Yes, I fully appreciate the corrective power of the netroots, and the imperative to challenge propaganda, and the alarming susceptibility of the beleaguered American electorate to fear and demagoguery. But I'm afraid that, while citizen-activists have embraced the understanding that media = politics, the Washington political class has made the mistake of believing that politics = media.I am left wondering, though: what "corrective power"?
Right blogistan is still credited with bringing down Dan Rather, although that claim is based on nothing but air and exaggerated (i.e., invented) data. Left blogistan has been looking to get back some of its own ever since, and loves to whoop and holler about it's mighty corrective power in the face of the "mighty Wurlitzer." But I'm still looking for people in the "real world" who have heard of Eschaton or Daily Kos and who actually care what gets posted there, especially among all the dross at the latter (on any given "open thread" at Eschaton you can find any number of links to comments and diaries at DailyKos outlining all manner of dread conspiracies against, well, usually against the political stance of posters at DailyKos. Yeah, like they're that important!) Frankly, given the record of the past 7 years, and especially since the last Federal elections, I'm not seeing any exertion of power at all. Washington is still the same as it ever was, politicians still making obeisance to their "base" and still doing the bidding of the moneyed class or still trembling in fear over the perceived reaction of the reptile-brain, Id-driven voters they are sure exist.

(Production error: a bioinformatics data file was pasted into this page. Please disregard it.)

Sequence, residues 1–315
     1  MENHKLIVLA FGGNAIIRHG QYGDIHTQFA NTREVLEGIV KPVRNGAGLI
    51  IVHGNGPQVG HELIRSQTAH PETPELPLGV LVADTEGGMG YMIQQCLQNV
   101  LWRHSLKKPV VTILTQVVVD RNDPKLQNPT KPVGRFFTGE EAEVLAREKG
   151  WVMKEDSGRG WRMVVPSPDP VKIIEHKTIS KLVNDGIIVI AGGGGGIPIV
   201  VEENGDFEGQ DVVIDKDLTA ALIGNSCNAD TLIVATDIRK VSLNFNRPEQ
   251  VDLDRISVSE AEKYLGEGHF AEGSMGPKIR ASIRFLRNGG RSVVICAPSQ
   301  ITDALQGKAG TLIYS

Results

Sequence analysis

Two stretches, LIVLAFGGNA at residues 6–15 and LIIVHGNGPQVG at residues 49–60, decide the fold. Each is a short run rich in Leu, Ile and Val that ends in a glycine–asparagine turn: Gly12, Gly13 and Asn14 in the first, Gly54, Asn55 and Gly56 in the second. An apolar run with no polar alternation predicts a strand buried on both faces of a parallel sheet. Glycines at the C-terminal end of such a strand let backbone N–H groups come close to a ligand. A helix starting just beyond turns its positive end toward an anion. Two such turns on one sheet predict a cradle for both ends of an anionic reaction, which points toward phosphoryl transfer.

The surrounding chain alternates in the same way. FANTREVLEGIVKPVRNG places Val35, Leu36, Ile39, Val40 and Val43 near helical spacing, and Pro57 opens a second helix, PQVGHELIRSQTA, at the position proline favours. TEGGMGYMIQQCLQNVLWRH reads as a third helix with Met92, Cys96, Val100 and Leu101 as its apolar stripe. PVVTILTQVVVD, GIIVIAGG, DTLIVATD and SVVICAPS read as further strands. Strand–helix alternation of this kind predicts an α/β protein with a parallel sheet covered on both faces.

The Washington class has believed "media=politics" since JFK trounced Richard Nixon. Everyone agrees that if you listen to the audio tapes of the famous Kennedy-Nixon debates, Nixon won. He ran circles around Kennedy. But watch the first TV broadcast, and Nixon looks like the shifty, dubious character we all (now) remember him to be. The lesson wasn't lost on Nixon: The Selling of the President was written about the '68 campaign, when Nixon repackaged himself as a statesman, not an anti-Communist bomb thrower. We've been treating media as politics ever since, if not long before. Karl Rove didn't invent this; it was handed to him on a silver platter.
So, does politics=media? Only if you want to give media all the power. Is the media the message? Are we all McLuhanites now? Well, it's a convenient excuse for a whipping boy, that's for sure. But I'm still not convinced it's any more than that.
Thoreau's observation is still right: there are a thousand hacking at the branches of the tree of evil, for every one hacking at its roots. And if that isn't the definition of the powerlessness of power, it's the best metaphor we've got.